Jason Pine


On his book The Alchemy of Meth: A Decomposition

Cover Interview of March 18, 2020

A close-up

If a potential reader were to simply browse the book, I hope they would quickly find a page from one of the meth cooks’ stories. They are sensitive, wounded people who have done things some people may not be able to accept. This tension would then stir up an upsetting feeling, and I would hope that the feeling stayed with the reader all the way, if they were to read the whole book. I originally wanted to publish the book without any introduction because I feel the stories speak for themselves. I wouldn’t want readers to get distracted by the introductory material, but because the book is very experimental in form it’s necessary to guide readers a little bit.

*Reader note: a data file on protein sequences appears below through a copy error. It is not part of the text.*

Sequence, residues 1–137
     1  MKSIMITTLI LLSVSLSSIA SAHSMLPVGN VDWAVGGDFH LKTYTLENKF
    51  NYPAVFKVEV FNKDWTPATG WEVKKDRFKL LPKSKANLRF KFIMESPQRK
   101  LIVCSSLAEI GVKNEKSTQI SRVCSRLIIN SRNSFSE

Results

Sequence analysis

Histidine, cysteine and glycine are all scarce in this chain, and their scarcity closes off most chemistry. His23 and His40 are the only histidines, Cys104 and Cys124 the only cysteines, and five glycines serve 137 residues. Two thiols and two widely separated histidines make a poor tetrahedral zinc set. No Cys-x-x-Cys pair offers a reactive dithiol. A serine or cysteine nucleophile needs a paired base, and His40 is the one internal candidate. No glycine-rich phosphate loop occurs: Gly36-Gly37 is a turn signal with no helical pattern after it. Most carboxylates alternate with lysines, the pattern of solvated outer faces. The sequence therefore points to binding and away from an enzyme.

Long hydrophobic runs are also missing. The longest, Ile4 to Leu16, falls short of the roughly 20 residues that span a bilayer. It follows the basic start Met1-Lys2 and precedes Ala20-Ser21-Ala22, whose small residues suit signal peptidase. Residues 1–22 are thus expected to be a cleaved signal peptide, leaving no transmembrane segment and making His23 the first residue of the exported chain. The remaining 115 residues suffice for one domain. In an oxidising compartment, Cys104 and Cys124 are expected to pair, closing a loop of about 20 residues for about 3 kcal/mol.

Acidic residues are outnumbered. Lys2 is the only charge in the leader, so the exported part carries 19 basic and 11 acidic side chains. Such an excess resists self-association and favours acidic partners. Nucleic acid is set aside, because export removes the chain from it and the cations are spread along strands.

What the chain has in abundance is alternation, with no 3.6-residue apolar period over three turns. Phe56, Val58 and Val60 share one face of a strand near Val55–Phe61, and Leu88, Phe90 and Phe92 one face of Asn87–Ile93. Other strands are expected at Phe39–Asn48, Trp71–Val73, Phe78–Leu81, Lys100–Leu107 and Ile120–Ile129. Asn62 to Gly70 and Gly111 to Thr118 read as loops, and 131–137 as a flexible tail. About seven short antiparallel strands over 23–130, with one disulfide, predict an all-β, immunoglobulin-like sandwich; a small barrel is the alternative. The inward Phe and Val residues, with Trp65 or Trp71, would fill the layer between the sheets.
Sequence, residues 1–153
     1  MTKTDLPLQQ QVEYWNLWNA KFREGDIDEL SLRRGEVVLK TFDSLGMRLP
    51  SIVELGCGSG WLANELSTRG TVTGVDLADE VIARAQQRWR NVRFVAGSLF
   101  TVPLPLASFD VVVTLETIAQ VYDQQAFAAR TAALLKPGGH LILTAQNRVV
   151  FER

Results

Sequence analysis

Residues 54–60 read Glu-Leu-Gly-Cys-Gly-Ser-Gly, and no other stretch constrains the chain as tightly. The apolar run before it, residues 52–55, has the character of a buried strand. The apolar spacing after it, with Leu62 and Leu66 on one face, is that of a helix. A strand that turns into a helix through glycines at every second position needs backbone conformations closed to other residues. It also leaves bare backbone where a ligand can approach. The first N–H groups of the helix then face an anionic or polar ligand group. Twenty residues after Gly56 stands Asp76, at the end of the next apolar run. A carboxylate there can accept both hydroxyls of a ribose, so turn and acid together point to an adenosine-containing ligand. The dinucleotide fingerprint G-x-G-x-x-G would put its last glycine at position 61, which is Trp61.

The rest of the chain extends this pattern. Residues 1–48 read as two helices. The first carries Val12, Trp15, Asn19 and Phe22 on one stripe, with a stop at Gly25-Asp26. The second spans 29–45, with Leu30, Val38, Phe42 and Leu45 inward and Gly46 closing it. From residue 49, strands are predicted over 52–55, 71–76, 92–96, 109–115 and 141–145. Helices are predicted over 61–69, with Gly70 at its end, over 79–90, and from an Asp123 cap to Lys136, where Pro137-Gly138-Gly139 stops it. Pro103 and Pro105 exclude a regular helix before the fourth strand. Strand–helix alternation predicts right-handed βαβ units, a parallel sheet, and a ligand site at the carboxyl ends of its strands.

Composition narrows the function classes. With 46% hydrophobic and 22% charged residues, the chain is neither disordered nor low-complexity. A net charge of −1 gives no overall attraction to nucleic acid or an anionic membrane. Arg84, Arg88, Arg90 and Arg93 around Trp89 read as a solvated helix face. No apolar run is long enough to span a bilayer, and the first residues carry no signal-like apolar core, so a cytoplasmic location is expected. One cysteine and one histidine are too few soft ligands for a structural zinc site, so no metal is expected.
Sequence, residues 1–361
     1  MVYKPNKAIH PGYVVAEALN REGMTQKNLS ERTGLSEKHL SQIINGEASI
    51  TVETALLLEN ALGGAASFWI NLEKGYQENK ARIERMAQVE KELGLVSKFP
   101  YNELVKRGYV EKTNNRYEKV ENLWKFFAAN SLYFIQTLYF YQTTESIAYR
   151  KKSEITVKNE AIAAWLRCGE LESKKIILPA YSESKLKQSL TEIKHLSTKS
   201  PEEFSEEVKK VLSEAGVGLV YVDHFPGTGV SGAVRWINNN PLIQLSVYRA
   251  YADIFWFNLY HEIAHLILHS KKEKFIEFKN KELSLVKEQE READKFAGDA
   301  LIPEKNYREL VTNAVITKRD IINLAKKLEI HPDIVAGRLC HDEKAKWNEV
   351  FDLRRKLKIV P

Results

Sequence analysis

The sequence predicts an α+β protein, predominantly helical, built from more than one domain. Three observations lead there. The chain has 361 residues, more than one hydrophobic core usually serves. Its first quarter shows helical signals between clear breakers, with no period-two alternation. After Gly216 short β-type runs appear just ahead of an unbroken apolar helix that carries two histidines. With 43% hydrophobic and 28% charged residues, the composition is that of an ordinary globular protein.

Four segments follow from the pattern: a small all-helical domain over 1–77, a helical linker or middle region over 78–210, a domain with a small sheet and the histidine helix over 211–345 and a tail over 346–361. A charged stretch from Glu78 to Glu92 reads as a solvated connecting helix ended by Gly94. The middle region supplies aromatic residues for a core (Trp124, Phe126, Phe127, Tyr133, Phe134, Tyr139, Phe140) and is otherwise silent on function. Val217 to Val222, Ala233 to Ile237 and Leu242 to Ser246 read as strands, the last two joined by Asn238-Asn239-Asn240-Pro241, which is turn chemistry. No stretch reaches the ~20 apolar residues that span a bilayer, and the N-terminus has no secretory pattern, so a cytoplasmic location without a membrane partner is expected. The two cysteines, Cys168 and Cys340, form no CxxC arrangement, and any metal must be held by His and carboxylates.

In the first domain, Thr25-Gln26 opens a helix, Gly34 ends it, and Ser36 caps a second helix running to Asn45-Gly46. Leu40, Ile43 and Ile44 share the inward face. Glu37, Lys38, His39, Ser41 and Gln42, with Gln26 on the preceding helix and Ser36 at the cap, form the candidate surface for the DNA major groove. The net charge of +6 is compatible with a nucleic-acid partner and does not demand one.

I spent lots of time with each of the cooks, except for Howard Lee, a person I never met and who I represent only through reproductions of the documents I found in his busted and abandoned trailer home. All of the cooks wanted me to help them or others who might end up like them, or worse. I want a reader to get pulled in like I was and to feel the burden of reading like I felt it while listening. I want them to find a page from the story of Christian, which I found difficult to hear because of its resonance with the story of my own family. I want them to feel how he never had a chance. I want them to notice how I crossed the line while writing about his mother, nearly reducing her to his abuser. Then I want them to find the letter Christian wrote to me from prison, in which he describes his mother’s quirky rock collection and her deep care for animals, and how he loved her dearly. I want the reader to feel that the integrity of the author and of the book is at risk, sometimes barely holding together. Sometimes stories and people and places are laced with sadness, rage, and delusional hope, and that’s what holds them together.